She didn’t waste any time, filling one of two suitcases entirely with food on her first flight. Even after a bottle of mustard oil ruptured in one of her bags, ruining her clothes, and after run-ins with authorities — Canadian agents once accused her of trafficking a new drug when she attempted to bring in datun, a twig used for cleaning teeth in ayurvedic medicine — the chef continued for years to transport ingredients on the sly for research and development. After retrieving a mawa cake from the 100-year-old Mumbai institution B. Merwan, she reverse-engineered her own version, which became a smash hit among her American customers.
Chef JJ Johnson of Harlem restaurant FieldTrip doesn’t even limit himself to foods unavailable in the U.S. He argues that some ingredients are just higher quality abroad, so they’re worth risking confrontation. For example, he says he has purchased superior turmeric in India to what he can find in America because the spice has a longstanding role in Indian culture for its taste and medicinal properties. He explains that in India, “that tumeric farmer, that’s all they do. And they live based off of how much amazing turmeric they sell.” He compares this to what’s found on the shelves in the United States, where “it’s just getting injected into the culture because scientists or health people are telling you about it.”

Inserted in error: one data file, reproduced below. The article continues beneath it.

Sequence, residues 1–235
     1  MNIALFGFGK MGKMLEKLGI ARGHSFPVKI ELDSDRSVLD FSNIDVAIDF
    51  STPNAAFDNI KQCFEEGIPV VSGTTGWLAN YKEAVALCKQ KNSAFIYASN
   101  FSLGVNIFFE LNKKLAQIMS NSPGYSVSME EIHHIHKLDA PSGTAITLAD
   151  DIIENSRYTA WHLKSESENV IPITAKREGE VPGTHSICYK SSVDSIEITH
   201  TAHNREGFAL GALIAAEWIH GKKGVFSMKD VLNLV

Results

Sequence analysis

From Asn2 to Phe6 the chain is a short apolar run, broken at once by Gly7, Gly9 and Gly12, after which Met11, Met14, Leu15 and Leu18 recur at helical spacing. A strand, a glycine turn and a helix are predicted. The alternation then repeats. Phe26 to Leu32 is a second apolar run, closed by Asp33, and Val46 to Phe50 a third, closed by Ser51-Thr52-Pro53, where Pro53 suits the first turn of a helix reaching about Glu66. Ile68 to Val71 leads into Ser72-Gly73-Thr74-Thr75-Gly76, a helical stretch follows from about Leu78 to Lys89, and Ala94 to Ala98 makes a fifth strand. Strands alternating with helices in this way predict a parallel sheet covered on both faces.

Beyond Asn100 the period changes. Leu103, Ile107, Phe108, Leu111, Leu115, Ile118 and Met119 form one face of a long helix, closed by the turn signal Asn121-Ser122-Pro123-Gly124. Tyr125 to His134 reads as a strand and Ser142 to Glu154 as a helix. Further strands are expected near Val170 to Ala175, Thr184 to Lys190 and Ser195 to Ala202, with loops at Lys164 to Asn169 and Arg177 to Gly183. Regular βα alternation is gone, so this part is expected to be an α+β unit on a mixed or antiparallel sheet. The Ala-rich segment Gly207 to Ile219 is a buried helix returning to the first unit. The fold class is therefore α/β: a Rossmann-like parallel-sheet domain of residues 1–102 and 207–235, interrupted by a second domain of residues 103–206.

But Johnson’s record isn’t spotless. “My most embarrassing trip was coming from Israel,” he says. “The [Israeli authorities] opened my bag. They must’ve been so furious with me that they cut the spice bags open [but left them in the bag].” When his suitcase emerged on the carousel at JFK, it nearly exhaled paprika, turmeric, and curry. “It was like they were trying to embarrass me. Like, ‘Okay, you want to take some stuff home? Then your clothes are gonna smell like it.’”
“I’ve had Customs officers ask me if I’m bringing food through, and when I said no, they look skeptical and say, ‘Are you sure?’” says Teravainen. “I have a U.S. passport, though, and can speak in a generic American-accented English, and I think that has shielded me from most harsh treatment.”
Regulations were not always so strict. My dodda (grandmother) came to the United States from Mangalore in the ’80s transporting laddoos (Indian sweets made of rice powder, brown sugar, and powdered nuts) to her daughter and son-in-law. When a Customs agent asked what they were, she explained. The agent took one, ate it, then let her through.
As restrictions have increased and airports have employed new measures like food-sniffing beagles, even persistent food smugglers have hung up their Ziplocks, especially with global ingredients increasingly available stateside. Jaisinghani rarely bothers traveling with food anymore, since Houston is now home to many Indian grocers.
But many more continue to take the chance — for work, a taste of home, or simply because there is something inherently satisfying about successfully smuggling contraband. Whether it’s soup mix mummified in plastic wrap or biryani stuffed inside a sweatshirt, good food outweighs any risk.
Ashwin Rodrigues is a writer based in Brooklyn.
Minnie Phan is an illustrator and cartoonist based in the Bay Area. She specializes in editorial and children book illustrations.